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Problem with JDialog in Netbeans?

Netbeans supports Java programmer a lot. Especially in designing graphical user interfaces (GUIs). Matisse –  the built-in GUI-Builder – is a great help in building GUIs exploratively.

Unfortunately you run in errors if you use Netbeans’ JDialog template in existing projects. But solving this issue is not a big deal.

This how-to describes how to integrate a JDialog in an existing project and how you have to invoke it. Of course this tutorial is made for novices.

Differences between JDialog and JFrame

The main difference between both components is the optional property modal of JDialog. That means that you have to close the dialog before you can go ahead with the program.

If a JDialog is not modal it looks alike a JFrame. But in Windows only a JDialog app does not appear in the taskbar.

Create a JDialog

I recommend to create a JDialog in a new class always. That increases the clarity of the code. But it is useful to put it in the same package of the invoking class if nothing speaks against it.

Use Netbeans JDialog-Wizard for this task. Create the JDialog with “File | New…”. In “Categories” choose” Swing GUI Forms” and as a file type JDialog Form.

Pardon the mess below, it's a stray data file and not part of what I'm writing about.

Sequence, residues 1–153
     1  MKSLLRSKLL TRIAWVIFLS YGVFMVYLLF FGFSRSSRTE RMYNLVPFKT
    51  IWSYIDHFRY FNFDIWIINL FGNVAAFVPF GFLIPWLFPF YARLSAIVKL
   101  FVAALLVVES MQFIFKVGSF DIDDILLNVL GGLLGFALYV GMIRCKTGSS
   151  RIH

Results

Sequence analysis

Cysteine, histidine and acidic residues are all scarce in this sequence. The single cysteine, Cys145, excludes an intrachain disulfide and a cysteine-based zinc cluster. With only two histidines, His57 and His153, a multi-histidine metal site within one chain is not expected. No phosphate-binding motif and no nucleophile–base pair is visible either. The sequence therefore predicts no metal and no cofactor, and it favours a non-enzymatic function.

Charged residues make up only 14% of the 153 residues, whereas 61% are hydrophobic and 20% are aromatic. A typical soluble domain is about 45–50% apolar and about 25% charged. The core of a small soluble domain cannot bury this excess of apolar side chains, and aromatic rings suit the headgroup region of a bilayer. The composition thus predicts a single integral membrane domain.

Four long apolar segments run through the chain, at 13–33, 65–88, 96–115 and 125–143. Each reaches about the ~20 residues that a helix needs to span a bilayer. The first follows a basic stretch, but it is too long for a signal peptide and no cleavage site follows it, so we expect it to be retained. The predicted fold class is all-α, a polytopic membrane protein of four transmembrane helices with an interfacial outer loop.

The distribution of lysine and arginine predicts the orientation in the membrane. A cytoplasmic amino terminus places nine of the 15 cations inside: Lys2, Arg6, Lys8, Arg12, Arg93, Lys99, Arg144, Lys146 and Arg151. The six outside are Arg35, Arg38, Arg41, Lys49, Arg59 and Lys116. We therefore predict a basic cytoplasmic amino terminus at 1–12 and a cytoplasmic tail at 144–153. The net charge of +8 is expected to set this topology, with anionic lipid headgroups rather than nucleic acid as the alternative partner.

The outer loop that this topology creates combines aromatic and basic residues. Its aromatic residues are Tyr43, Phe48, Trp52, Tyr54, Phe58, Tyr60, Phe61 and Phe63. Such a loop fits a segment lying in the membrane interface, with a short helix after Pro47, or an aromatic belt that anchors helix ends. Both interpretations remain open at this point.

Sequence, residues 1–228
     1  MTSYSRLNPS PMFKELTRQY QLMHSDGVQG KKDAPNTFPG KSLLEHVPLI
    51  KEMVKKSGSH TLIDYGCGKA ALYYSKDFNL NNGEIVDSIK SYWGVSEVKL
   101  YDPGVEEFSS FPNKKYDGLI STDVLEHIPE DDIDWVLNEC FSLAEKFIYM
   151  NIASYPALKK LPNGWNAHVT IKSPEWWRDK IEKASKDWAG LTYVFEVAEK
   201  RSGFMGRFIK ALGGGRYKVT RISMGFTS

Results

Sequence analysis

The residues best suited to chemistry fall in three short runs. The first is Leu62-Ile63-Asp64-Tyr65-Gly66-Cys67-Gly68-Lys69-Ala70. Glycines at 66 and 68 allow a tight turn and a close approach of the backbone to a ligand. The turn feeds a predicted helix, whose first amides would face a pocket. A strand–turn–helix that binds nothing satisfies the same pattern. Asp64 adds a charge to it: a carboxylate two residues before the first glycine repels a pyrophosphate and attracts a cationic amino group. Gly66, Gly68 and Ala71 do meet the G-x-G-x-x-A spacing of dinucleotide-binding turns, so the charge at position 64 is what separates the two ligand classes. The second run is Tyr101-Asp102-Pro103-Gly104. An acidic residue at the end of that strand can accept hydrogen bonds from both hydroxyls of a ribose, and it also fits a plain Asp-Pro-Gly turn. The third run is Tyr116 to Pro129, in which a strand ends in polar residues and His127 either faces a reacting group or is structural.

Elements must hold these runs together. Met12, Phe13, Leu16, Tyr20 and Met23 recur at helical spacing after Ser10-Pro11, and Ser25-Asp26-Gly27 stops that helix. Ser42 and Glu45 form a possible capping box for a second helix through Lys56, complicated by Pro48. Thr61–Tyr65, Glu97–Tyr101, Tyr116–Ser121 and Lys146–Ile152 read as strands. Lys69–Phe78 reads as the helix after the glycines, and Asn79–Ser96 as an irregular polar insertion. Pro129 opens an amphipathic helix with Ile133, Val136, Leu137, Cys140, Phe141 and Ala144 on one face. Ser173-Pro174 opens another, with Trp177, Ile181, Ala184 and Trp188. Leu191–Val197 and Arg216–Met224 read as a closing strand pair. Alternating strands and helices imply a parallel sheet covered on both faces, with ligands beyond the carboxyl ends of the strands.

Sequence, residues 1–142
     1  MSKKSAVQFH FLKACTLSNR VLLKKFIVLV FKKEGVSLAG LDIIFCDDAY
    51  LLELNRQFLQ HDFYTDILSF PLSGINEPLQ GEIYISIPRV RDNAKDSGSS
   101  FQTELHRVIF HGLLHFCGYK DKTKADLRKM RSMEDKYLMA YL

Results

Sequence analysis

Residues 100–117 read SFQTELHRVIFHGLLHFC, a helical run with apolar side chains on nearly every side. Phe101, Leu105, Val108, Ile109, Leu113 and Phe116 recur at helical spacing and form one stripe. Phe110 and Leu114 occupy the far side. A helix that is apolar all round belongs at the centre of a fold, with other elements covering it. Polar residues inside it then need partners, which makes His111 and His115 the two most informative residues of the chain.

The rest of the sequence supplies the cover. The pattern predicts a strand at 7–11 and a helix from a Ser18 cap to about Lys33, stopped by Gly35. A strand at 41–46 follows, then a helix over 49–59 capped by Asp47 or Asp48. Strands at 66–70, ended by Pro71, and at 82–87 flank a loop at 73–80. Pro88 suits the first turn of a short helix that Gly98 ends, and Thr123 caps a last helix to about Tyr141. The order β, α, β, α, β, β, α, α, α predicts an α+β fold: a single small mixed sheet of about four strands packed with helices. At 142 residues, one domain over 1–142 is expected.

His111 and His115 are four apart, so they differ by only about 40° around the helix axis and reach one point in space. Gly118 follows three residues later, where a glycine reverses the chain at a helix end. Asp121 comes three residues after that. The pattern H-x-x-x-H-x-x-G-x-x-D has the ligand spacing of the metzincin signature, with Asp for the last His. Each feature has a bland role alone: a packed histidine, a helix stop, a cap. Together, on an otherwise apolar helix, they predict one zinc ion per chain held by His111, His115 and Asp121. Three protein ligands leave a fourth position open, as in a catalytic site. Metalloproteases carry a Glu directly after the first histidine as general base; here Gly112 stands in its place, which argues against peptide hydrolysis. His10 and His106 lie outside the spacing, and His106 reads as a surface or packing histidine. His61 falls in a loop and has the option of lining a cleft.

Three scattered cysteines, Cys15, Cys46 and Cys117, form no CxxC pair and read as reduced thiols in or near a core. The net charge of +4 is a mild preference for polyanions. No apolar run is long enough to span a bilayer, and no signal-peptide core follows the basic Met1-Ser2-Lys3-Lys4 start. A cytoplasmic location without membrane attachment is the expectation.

Screenshot Netbeans

Unfortunately Netbeans create the JDialog class with a main-method. In almost all cases this make no sense. Especially if you try to add a JDialog to an existing project where a main-method already exists generally.

To solve this problem, delete the main method or comment it out.

Netbeans

If the app contains the JDialog class only, you have to preserve the main method of course.

Now you can design the dialog with Matisse as you like.

Invoke JDialog from another class

If your JDialog class is named “NewJDialog” you can call it as described below:

NewJDialog dialog = new NewJDialog(this, true);
dialog.setLocationRelativeTo(this);
dialog.setVisible(true);

You have to rename NewJDialog to your JDialog class name. The assigned parameter true to the constructor makes the dialog modal. Refer information above.

Invoking the method setLocationRelative with this, centered the dialog on the JFrame from which JDialog is invoked. This is useful on huge screens and not maximized windows because of less mouse distances. null instead of this centered the dialog on the screen.

setVisible is self-explanatory.

Edit template of JDialog Form

To avoid deleting the main method every time you create a new JDialog, altering or creating a new template solves the problem.

Go to menu “Tools | Templates” open the group “Swing GUI Forms”. Choose “JDialog Form” and click on the button “Duplicate”:

Netbeans - Tpl duplicate

Give the new template a new template and file name:

Netbeans - Tpl new name

Finally open the new template in the editor …

Netbeans - Tpl open editor

… delete the main method as described above and save it.

Now the new template is available at “File | New File … | Swing GUI Forms”.

Conclusion

At existing projects Netbeans’ well-meant integrated main method in new JDialog classes is more an annoyance than a help. But it easy to delete. I do not know why Netbeans do not offer the opportunity to omit the main method creation in the JDialog wizard.

Invoking JDialogs created by Netbeans happens as usual through the constructor.

Picture Credits

Netbeans Screenshot: Public Domain (CC0)

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